The escapees’ travails and tragedies stoke the audience’s anxieties, while Tom’s political aspirations and his secret love affair with Ernestine invests viewers in the drama’s soap opera subplot. The danger, romance and brutal tragedy connected to each of those story arcs earned each episode a healthy 3 million viewers on average, making “Underground” WGN America’s most-watched original in its history.
But if season 1 felt timely and relevant, the second season feels even more so. Not only that, it has a new purpose: In place of the first season’s harrowing flight is a story of defiance and resistance that clarifies the purpose of each character’s mission.
Specific details about “Underground” will be discussed in the following paragraphs, so unless you don’t mind being spoiled, stop reading now.
Consider yourself warned.
Series creators Misha Green and Joe Pokaski previously worked together on NBC’s “Heroes,” and their fondness for genre programming’s traditions blossoms in the second season through the stories of Rosalee, Noah and Elizabeth Hawkes (Jessica de Gouw). Each passes through a separate crucible within the season’s first three episodes.
Rosalee has built a reputation for herself as a trusted associate of Harriet Tubman (Aisha Hinds), assisting her on daring missions to lead runaways to safety. Hinds’ intensity makes Tubman a formidable figure, and her portrayal helps Smollett-Bell transition from the meeker Rosalee of the freshman season into the determined force seen in season 2.
Rosalee is committed to going back for Noah, who sacrifices himself in the first season's finale so she can get away. But Noah is not waiting to be saved. Neither is Elizabeth relying on society’s respect for her husband John (Marc Blucas) to keep her safe.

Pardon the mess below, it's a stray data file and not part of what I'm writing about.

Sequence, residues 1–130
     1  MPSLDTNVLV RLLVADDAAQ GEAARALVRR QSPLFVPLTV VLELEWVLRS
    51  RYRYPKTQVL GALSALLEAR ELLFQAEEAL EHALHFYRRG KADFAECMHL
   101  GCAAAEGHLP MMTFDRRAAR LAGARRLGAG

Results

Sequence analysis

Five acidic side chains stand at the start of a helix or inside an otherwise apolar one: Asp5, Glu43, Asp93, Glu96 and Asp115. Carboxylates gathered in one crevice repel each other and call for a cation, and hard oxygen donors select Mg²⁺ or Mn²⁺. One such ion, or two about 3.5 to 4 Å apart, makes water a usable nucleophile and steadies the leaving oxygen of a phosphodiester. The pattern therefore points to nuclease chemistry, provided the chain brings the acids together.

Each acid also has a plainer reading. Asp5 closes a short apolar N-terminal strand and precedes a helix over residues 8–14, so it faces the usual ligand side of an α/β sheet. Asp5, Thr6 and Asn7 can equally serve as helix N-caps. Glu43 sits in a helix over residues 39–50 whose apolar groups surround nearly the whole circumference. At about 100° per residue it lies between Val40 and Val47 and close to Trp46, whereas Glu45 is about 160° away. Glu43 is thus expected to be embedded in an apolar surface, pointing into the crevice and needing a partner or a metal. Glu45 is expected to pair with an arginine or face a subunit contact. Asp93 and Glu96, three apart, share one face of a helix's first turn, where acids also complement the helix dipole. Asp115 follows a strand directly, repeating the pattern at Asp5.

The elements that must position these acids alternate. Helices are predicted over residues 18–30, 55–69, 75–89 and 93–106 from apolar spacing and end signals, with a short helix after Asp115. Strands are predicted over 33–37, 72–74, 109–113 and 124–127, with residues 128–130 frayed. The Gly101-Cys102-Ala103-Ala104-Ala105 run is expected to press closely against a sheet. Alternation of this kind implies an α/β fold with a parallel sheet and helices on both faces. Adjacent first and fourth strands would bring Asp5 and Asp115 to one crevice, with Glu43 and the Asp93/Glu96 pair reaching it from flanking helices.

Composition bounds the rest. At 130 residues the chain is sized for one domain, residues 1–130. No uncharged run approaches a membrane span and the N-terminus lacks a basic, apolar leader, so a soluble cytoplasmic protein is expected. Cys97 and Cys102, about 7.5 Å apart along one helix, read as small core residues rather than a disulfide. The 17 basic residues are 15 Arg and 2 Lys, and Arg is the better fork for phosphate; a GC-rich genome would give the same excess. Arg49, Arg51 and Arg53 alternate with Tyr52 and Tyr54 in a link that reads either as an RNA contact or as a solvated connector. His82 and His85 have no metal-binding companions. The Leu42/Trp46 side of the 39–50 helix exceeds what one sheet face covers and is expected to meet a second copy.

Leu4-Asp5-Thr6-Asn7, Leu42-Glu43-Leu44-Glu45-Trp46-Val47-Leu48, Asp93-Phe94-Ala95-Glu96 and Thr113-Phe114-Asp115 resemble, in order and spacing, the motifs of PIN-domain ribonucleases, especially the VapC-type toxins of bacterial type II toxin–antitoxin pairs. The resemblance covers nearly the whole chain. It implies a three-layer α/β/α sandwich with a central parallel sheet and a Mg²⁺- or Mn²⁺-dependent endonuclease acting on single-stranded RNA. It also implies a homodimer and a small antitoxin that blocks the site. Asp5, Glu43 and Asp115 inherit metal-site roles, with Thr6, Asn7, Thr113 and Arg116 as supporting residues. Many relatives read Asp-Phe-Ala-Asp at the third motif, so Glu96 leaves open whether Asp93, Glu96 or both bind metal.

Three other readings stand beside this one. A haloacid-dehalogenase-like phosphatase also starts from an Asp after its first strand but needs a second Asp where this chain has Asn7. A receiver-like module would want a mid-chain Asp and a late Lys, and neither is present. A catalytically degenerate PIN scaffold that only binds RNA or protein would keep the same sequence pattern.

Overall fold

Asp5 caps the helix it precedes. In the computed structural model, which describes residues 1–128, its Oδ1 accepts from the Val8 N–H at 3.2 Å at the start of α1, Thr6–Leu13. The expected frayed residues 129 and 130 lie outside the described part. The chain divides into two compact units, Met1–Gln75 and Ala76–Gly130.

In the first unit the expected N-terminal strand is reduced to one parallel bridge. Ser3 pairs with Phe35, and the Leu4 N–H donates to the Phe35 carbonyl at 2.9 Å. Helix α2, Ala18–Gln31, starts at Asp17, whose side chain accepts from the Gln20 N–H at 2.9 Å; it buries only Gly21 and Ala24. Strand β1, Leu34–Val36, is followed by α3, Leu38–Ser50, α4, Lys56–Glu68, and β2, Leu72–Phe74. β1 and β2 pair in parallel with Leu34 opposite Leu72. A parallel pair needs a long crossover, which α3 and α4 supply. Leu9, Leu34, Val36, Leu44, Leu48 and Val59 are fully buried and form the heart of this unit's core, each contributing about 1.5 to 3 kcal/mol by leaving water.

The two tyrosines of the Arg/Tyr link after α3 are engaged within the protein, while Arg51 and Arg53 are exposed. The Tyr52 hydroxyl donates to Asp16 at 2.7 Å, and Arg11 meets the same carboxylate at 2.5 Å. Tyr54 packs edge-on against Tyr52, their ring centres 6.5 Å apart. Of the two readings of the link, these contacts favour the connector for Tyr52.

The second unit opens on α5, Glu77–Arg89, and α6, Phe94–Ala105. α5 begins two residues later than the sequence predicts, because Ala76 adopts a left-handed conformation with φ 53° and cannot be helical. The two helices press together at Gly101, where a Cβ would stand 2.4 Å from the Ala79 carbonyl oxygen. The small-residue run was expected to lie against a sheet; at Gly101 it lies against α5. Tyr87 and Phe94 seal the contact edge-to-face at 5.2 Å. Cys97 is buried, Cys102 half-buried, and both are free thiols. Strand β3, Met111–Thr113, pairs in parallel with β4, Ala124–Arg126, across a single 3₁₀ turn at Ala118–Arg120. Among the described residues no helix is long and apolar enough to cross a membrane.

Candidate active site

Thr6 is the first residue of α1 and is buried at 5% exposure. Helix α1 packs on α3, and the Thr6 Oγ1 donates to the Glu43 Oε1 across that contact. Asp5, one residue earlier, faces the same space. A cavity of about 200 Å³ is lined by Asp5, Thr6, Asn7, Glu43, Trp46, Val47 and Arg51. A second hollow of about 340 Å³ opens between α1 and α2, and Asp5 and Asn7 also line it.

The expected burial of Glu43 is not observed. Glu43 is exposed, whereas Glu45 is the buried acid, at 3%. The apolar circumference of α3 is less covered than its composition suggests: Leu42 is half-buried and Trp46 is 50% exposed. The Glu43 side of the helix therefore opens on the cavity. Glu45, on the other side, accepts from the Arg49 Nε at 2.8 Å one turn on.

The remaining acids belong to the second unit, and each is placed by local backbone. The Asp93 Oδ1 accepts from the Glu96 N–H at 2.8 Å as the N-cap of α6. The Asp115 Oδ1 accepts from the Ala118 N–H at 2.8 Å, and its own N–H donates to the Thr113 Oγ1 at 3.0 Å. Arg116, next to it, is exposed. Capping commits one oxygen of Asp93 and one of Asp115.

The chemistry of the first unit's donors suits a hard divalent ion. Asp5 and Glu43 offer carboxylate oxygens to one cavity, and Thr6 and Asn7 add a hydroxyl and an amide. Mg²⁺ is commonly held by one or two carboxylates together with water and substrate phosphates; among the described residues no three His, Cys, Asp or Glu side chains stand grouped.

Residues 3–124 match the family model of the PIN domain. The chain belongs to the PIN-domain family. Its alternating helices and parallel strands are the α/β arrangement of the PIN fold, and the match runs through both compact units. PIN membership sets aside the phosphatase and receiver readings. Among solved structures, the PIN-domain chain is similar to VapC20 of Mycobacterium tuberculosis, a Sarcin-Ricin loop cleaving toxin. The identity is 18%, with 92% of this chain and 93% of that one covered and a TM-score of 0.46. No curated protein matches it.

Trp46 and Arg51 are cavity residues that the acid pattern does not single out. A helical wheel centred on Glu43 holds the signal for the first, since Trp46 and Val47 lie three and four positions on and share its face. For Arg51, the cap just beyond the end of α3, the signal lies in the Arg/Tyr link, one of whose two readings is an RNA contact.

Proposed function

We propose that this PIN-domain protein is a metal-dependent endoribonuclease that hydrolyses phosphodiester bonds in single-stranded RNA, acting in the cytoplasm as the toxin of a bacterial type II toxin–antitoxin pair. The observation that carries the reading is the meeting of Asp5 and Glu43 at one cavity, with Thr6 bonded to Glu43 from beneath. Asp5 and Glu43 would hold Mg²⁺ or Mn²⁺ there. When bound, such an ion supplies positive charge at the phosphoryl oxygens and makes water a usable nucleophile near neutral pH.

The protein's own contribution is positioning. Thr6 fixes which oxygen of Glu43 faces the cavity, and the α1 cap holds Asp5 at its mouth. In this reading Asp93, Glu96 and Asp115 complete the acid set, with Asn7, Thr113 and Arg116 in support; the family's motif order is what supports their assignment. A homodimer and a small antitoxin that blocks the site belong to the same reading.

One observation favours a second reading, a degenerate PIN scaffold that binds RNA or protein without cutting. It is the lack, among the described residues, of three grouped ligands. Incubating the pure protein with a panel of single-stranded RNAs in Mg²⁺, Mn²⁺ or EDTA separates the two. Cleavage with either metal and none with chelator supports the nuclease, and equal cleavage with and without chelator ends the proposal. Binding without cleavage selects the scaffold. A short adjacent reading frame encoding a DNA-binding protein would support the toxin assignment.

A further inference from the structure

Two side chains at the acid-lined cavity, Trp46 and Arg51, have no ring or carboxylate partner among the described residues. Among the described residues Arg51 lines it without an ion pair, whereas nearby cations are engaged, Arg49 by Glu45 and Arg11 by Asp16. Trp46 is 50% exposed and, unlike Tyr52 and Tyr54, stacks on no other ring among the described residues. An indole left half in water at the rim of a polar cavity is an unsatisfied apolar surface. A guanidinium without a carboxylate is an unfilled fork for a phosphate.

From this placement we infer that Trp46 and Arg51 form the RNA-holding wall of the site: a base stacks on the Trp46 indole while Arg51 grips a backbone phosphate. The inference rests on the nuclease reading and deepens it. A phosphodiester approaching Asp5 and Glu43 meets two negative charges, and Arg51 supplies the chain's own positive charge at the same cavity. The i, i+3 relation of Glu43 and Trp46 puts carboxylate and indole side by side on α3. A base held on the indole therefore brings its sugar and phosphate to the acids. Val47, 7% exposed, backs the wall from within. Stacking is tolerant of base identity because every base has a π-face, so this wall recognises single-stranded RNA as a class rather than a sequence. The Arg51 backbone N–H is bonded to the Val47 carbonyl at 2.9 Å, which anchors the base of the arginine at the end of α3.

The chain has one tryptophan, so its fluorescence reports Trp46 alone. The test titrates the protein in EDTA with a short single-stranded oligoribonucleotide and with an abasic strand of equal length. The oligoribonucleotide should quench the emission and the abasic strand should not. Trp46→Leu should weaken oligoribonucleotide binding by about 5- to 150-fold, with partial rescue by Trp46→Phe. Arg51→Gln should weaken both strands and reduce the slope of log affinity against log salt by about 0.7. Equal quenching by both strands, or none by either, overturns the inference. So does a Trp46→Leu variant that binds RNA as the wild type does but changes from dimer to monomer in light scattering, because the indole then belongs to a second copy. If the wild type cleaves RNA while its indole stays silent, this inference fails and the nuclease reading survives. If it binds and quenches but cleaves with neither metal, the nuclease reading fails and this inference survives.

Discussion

As John uses his skill as an abolitionist lawyer to save Noah’s life, Elizabeth decides to join a sewing circle led by an abolitionist Georgia (Jasika Nicole) to increase her investment in the cause.
In “Underground,” the knowledge that no character is safe lends weight to the escape’s daring while also preventing their deaths from becoming exploitative. Resourceful though the Macon 7 were, they were also outnumbered and outgunned. No viewer could expect all of them to make it. But “Underground” quickly made it clear that the plantation held no guarantees for safety either. Several beloved characters died there, one sadistically. Others receive their comeuppance, even if the eventual outcome was bittersweet.
The first season's lack of predictability makes it an addictive viewing experience, and that continues in season 2. Ernestine, for instance, gets payback for a nightmarish murder committed as an act of political theater. Her price is to be sold off to a rice plantation to work the fields, a reversal that leads her to drown her sorrows.
And Ernestine’s lot is one component of the second season’s expanded universe; the first three episodes focus on the perils waiting along the Underground Railroad itself as well as the inner workings of the abolitionist cause.
One of the smartest aspects of “Underground” lies in its portrayal of slavery as an institution that perverted all parties involved. Neither were its characters’ moral purity divided along racial lines. Christopher Meloni’s slave catcher August is motivated purely out of financial desperation during the first season; now, a rage-driven personal vendetta keeps him going. Alano Miller’s Cato, a fellow Macon slave, starts out as more of an antagonist than ally. His second season appearance raises more questions.
Replacing Tom Macon as the show’s top villain (though he's the kind who doesn't see himself as a villain) is a fame-hungry slave hunter named Patty Cannon (Sadie Stratton), who is desperate to secure her legacy as the woman who catches Tubman.
Hinds’ Tubman is the first of several historical figures making cameos in during the second season of “Underground.” The show’s writers have found a way to deftly weave her into its fictional world in a way that feels honest and honors her legacy. Legend is also set to appear in an upcoming episode as Frederick Douglass, who, as you may have heard, is somebody who’s done an amazing job and is being recognized more and more.
Maybe our new secretary of the Department of Housing and Urban Development should be required to make time to watch “Underground.” It may not be an historic account, but its understanding of the complicated soul of history, particularly this history, makes these new chapters remarkable viewing. And who knows? It might even teach Carson the difference between immigrants and slaves.